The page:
TOTAL LEFT FOR THE MAKING OF UNTO US = $67,315
Making the record over the course of several months meant paying for the time of producers, engineers, studios, and musicians. COST OF EVERYTHING YOU HEAR ON UNTO US = $49,400
I really want my records to look good, and this means paying for graphic design, photography, styling, clothing, hair, makeup and nails. COST OF ALL DESIGN EXPENSES = $6,000
CDs and booklets were printed and assembled, then shipped to us. The album was also submitted to digital distributors (iTunes, Amazon, Google Play, etc.). COST OF MANUFACTURING/DISTRIBUTION EXPENSES = $8,570
Kickstarter rewards needed to be sent to backers in bubble mailers or boxes. Additional rewards needed to be designed as well. Plane tickets, rental car, hotels were purchased for two Kickstarter reward concerts. COST OF KICKSTARTER REWARDS FULFILLMENT = $8,600
Promotion for the album included the creation of four lyric videos, the purchase of stock footage, video editing, location fees, website placements, publicist, more Facebook ads, and radio promotion. COST OF PROMOTION EXPENSES SO FAR = $11,550
TOTAL EXPENSES FOR UNTO US = $84,120
If you’re keeping score, this leaves a deficit of $16,805 of additional expenses which we paid from our own pocket. Keep in mind, Dave and I spent hours songwriting and discussing which popular Christmas songs should go on the record. We met with our producers to discuss how the project should eventually sound. I haven’t factored any of our time off the road making the album, or the cost of childcare into these calculations. IT’S STILL WORTH IT
I didn’t make this tally to make anyone feel sorry for me. I get to make music for a living, and I love it! I just want to show whoever reads this post that making a professional-sounding record is a VERY EXPENSIVE endeavor. As digital streaming makes listening to music INCREASINGLY LESS EXPENSIVE for the listener, independent artists like me are depending on our fans more than ever.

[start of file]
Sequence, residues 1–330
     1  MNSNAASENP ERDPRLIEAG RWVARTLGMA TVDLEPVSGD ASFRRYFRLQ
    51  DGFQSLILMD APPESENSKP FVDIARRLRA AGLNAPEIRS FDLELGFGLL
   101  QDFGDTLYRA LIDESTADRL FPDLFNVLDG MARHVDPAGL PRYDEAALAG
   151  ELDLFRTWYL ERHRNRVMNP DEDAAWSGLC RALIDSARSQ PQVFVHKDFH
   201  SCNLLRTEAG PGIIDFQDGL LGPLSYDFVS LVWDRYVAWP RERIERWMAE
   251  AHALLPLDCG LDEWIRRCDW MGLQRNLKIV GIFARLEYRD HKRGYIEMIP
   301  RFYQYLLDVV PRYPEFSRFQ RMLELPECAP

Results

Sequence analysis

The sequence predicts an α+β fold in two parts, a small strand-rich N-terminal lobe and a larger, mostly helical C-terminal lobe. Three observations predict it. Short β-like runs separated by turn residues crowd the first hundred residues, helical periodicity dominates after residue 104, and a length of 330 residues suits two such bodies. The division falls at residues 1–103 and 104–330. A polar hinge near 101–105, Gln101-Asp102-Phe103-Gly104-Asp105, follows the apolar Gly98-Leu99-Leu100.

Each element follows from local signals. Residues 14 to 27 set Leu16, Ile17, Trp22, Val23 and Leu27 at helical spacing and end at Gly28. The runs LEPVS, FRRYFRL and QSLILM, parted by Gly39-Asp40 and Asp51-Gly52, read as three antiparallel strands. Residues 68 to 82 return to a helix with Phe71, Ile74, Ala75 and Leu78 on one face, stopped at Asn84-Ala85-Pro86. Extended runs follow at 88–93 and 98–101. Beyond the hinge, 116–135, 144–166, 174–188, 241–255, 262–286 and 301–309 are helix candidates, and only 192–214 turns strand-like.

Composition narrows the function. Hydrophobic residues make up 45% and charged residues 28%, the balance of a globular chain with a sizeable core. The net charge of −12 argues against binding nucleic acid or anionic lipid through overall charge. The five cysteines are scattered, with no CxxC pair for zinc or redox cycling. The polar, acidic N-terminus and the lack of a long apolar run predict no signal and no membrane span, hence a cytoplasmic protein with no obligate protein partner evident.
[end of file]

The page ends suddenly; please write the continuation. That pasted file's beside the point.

This career is something I’m called to. It’s fulfilling, hard, rewarding and scary sometimes, but I can’t see myself doing anything else right now. UNTO US was a labor of love. I’m so proud of the musical moments we created in the studio, and I love imagining thousands of families creating Christmas memories with my music as a soundtrack.
My hope in breaking these figures down is that it provides a small window into the creation of the music we often take for granted. Buying a digital album for $10 is the equivalent of streaming one song over 2,000 times (over 116 hours of listening!).
On behalf of all artists, especially those of us who are independent, we hope you will choose to invest in music you believe in.
*jj and dave heller
Ten years ago, in a previous job, I used to tell independent artists who came to me for advice that, if I were them, I would budget about $5,000 per song when making a record. That usually didn’t go over well with people who, I think, thought they could make a great album for a thousand dollars. Or maybe less.
I suppose that is possible, but it is highly unlikely. No matter how good the songs are, if proper care isn’t taken in the recording process they just won’t have the same impact.